This is a vast improve over last season, where I was chasing points much of the late part of the season and was trying to keep the game fun, so hits were part of my weekly scoring. This year, having a bit more patience and not being so reactionary on a player failing to return after an anticipated game week feel has helped decrease the number of points I am giving away.
This can be a valuable strategy, if used properly. Using Premier Fantasy Tools and their FPL transfer analzyer, I’ve made 37 transfers, a total cost of 24 points and came away with 88 net transfer points. So, while the 16 point hit didn’t help me this season, when looked at it in a broad overview, it’s been a success season. Patience went out door when I took that 16 point hit, a week after playing my wild card. No way can I justify or rationalize that sort of hit.
Maybe this year has been an anomaly when it comes to defensive points. If we look back over the last few year when it comes to clean sheets of the top two teams, numbers are pretty consistent:
2018/19 – 39
2017/18 – 37
2016/17 – 34
2015/16 – 36
2014/15 – 33
This year has seen the most CS recorded and Liverpool and Man City still have two games each remaining. You have to go back to the 2008/09 season when Man United (24) and Chelsea (20) combined for 46 cleans on the season, not to be understand, Liverpool had 20 CS that year.
This is also the first time we’ve seen defenders score in excess of 200 points, as Andrew Robertson eclipsed that mark last weekend, now on 206 points for the year. It will be no surprise that teammate, Virgil van Dijk will hit that mark as well, currently on 194 points.
Those point totals put them top of the list when it compared to forwards, Sergio Aguero, ahead of GW37 has scored 193 points. but also costs £11.9, the Liverpool duo, £13.5! Many FPL managers don’t go steaming into the year looking to put big budget into their defense. I did and I feel it’s worked to my advantage, as I have 83 CS on the season, however my goals scored is on 99.
Getting in early, just like getting on the correct defenders plays an important role. It can be said about all players, get it right earlier, makes it a bit easier later. You get the points and price rises without having to chance a £6.0 defender who rises £0.5 in the first few weeks, when you could put that budget to use elsewhere in your starting XI. I wrote about a 5-Man Defense Feasibility ahead of this season.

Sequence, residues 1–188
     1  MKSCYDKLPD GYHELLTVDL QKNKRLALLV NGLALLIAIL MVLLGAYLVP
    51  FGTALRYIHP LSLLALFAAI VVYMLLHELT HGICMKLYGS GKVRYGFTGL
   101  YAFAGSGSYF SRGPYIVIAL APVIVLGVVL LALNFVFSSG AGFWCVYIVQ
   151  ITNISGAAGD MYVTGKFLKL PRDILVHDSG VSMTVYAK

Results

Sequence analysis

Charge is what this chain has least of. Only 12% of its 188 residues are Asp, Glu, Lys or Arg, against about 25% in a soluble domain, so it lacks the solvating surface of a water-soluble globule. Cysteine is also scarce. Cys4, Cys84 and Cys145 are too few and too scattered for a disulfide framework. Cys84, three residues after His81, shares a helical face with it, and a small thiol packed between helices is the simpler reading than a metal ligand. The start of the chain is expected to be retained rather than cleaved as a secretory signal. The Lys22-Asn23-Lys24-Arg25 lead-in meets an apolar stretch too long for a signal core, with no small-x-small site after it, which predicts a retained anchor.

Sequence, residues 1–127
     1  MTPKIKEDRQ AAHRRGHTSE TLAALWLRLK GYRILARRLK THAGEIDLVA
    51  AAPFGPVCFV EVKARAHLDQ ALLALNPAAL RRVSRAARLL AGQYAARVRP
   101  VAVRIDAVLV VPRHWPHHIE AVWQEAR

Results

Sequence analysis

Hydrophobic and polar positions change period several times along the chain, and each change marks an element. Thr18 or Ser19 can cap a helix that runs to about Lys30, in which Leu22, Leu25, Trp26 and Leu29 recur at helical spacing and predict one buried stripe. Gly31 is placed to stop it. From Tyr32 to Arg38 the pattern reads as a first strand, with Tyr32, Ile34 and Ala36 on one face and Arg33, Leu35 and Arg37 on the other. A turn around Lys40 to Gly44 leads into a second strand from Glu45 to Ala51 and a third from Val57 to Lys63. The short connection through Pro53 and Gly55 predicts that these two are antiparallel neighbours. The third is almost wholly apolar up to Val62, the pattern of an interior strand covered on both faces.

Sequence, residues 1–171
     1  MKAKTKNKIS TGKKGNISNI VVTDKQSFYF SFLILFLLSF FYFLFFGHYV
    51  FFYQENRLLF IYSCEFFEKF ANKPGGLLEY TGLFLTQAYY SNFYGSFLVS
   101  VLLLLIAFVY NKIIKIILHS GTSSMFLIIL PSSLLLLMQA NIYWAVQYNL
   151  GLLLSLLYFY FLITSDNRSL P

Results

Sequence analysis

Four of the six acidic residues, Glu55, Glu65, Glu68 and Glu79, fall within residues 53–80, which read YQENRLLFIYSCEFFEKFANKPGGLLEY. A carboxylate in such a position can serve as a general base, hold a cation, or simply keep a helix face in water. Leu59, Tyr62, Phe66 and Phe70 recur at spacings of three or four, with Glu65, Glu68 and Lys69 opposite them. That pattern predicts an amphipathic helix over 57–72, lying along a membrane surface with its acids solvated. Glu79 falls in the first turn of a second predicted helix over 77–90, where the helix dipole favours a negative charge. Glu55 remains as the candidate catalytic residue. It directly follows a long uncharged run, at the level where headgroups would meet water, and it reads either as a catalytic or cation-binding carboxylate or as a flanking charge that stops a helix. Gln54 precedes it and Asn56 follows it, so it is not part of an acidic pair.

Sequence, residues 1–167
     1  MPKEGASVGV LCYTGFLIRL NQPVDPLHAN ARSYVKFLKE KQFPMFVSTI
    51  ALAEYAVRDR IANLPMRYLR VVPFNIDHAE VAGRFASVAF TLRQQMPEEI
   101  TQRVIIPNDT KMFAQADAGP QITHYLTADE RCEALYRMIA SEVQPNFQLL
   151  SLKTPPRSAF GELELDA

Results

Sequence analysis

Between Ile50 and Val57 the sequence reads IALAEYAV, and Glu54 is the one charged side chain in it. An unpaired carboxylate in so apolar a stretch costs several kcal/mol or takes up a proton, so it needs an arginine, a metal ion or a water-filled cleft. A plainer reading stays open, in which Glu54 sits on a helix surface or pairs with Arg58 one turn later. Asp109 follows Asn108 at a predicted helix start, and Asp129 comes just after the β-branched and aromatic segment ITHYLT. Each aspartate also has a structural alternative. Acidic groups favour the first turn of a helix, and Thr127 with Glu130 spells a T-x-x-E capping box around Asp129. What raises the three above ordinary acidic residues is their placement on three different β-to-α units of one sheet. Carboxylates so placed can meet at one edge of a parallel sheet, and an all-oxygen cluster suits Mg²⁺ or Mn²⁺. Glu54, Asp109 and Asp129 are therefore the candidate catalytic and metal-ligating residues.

Next year, it won’t be a surprise to see these defenders starting at no less then £7.0. Even the likes of Trent Alexander-Arnold (160) and Aymeric Laporte (157) have outscored all but the top six forwards. This is something to consider as we close out 2018/19 and look ahead to next season.
Probably the most frustration decision FPL managers make every week, who to put the captain’s armband on. This year has been better then last year, when Harry Kane absolutely smashed me last season, failing in four of the first eight games I captained him in.
This season, there was early success, hitting on nine out of 10 captains to start the season. I’ve only been better then 20 or more points seven times this season, with Mo Salah recording 38 in GW36. For me, a captain failure is a single digit weekly return, which has happened nine times. Even worse was a triple captain failure (6 points) on Salah in GW31 away to Fulham.
After 36 weeks my total captain points are 524, an average of 14.5 PPG. Not impressive, as I had hoped to be over 600 by this point of the season. Comparing my score to the current #1 (FPL ID#107827), who’s scored 621 points (24.37% of their overall score). There is a difference of 97 points between my captain score (524) and that of the number one (627), when added to my score would give me 2339 points and put me 14 points outside the top 1k. Captains are a big deal!
We can spin stats to argue for or against when it comes to our success in FPL. This year has been an excellent year for me, compared to the previous five years. No matter what happens the final two weeks of the season, I will take all the progress made and my OR going into next season with more knowledge gained.